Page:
It's very apparent that Chris Jong had a lot of fun making vehicles for his game. The copter blade can be seen spinning around and the side view continues the animation from the previous board.
Again there's a control panel that unlocks the map room. Despite there being machine guns on the helicopter, unlike the airplane there's no way to fire them.
Africa was revealed to be a bust, but there are still four more locations to search for Adam and Daisy on. The 2nd island is Monkeys Pleasure where the game first began, so it's onward to Woof Town.
Woof Town is surrounded by a large wall with patrolling guards that explain they're making sure no wild beasts or enemies get in. Fortunately they're happy to open the gate for you if you just ask.
Woof Town itself consists of a few buildings, but there's not a whole lot to actually do in town.
The bank teller will let you withdraw any gems from your account, which results in them walking to the back area and discovering you don't actually have an account.
The "Shopie" works out a bit better for the player. Examining a sack inside nets them 50 gems. The other knick knacks can't be purchased, and the shopkeeper doesn't offer anything when talked to. Even the green key is just a decorative object.
The last building in town is the local bar. It's packed with customers, but not one of them has any code. You'll get nothing but a cold shoulder trying to chat.
The bartender is friendlier and offers a variety of drinks for sale. The beer here costs less than the milk. Doing the math, your best choice for maximizing health for the least amount of money is to repeatedly buy brown water. For the sake of completion, I sampled the entire menu.
Following the path out of town takes you to an arena filled with centipedes and moving doors. Once the player enters, the gate closes behind them, trapping them inside. Each section of the room has a button which can be used to adjust the doors. It's not really a puzzle, though the path you can take changes as you press the buttons, as you just need to hit each button to open the doors to the next board.
Our vehicle of choice for leaving Woof Town is a rocket ship. It looks a bit like something out of Galaxian to me. The guard won't let the player leave until they obtain the B B gun, an odd requirement if ever there was one.
The B B gun is protected by a series of doors, a laser wall, and a few bad guys. The brown fakes and black on dark green boulders give away that this board originally had torches and forests on it which were changed to fakes/boulders to get some uncommon colors for ZZT back in 1993.
The Bad Guy generally tries to move towards the player, so it's easy to keep him pinned against walls like this. With some poor boulder positioning it would also be possible to block off a key and prevent the player from completing this board.
As I also found out, it's possible to softlock the game by shooting the Big Bad Boss while they're in the narrow pathway.
Reloading my save, I take a more careful approach the second time. Making sure to take out the enemies where there's plenty of room to move, and then breaking the laser wall.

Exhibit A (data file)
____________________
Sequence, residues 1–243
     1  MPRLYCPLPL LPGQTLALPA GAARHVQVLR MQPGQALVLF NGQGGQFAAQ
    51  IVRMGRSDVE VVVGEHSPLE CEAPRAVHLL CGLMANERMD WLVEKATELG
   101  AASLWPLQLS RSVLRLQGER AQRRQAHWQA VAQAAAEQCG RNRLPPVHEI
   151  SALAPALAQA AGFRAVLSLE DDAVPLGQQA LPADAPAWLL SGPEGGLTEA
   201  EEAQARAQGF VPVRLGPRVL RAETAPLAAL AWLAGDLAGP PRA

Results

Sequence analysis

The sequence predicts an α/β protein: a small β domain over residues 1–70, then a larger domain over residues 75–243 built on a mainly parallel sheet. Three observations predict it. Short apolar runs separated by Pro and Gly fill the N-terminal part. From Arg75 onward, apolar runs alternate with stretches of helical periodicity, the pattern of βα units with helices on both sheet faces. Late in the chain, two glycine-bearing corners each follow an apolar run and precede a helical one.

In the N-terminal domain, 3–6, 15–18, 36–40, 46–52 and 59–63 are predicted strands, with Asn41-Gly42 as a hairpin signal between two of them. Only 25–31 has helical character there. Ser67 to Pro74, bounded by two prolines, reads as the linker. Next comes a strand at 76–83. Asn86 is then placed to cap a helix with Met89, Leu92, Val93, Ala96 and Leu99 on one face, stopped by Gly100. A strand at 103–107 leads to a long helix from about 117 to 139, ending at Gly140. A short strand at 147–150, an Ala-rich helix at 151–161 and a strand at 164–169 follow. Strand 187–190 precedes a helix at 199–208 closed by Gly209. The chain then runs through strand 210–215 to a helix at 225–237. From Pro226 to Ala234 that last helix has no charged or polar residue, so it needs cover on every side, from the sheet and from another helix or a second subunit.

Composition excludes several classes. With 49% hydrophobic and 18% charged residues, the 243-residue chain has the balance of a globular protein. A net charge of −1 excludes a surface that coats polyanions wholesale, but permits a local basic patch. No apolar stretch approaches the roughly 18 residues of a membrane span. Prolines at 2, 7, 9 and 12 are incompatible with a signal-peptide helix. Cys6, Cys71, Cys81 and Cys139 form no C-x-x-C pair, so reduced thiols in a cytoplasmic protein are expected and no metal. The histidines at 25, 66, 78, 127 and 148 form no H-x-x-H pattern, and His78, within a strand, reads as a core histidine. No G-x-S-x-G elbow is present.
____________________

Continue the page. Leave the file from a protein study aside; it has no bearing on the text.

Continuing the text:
Now armed with a B B gun, the player can board the rocket ship where they're treated to an over the shoulder view from the cockpit. Apparently we're a blonde.
By now you know the drill. Play with the vehicle's controls and then open the map room to return to the island selection screen.
So far all the explored islands hadn't amounted to any progress towards finding Alex and Daisy. By now I figured the way the game was structured was that you could explore the six islands, and five of them were essentially pointless, just wrong guesses as you picked your way through them.
Since the next island was "Banana Isle" it seemed like the obvious choice for where to find the monkeys and complete the game. I decided I'd explore the rest of the remaining islands in reverse order, so it was off to the unnamed island number six.
The sixth island puts the player on a beach with a cruise ship in the distance and a ticket seller along the coast.
The seller offers a choice on whether the player wants to buy or rent something, but there's nothing to rent. To get on the boat, the player needs an astonishing 500 gems. It's time to start hunting for a source of cash.
This part is easily the low point of the game. You need 50 gems to be able to buy a pan for gold and then to buy access to the ocean where the gold can be found. It's very possible to go here without enough money and be trapped on the island with no way to proceed. I bought some brown water for health while still in Woof Town and just narrowly avoided such a situation.
The ocean is full of invisible objects, but unlike the quicksand or landmines seen earlier, this time the player wants to run into them so they can pan for ocean gold. (Are coastal gold deposits a thing?) You're on a time limit for this and it's not fun at all, just a glorified Where's Waldo.
With about a minute and ten seconds left on the timer, a missing idle direction in the timer's code causes the script to break repeatedly, so you actually have infinite time for this sequence. You'll also want to turn off the sound at this point since the error noise is very grating and the object tries the invalid command every cycle so you'll be hearing it constantly.
With the nugget the player can collect their gems and purchase their cruise ticket.
You can board the ship right away, or you can take a long walk off a short pier.
Which has disastrous results.
The ship involves a walk up to the main deck and then offers three locations to explore on it.
There's a crowded restaurant in the observation deck. Just as with the bar in Woof Town, despite all the people, none of them can be interacted with. You can buy fries and soda for health from the bartender (as they're called), but the prices are worse than Woof Town's bar as far as healing goes with both healing only one health per gem spent.
There's also this weird bowl of dip sitting on the counter.
It's another out of place instant gameover trap. Bad dip.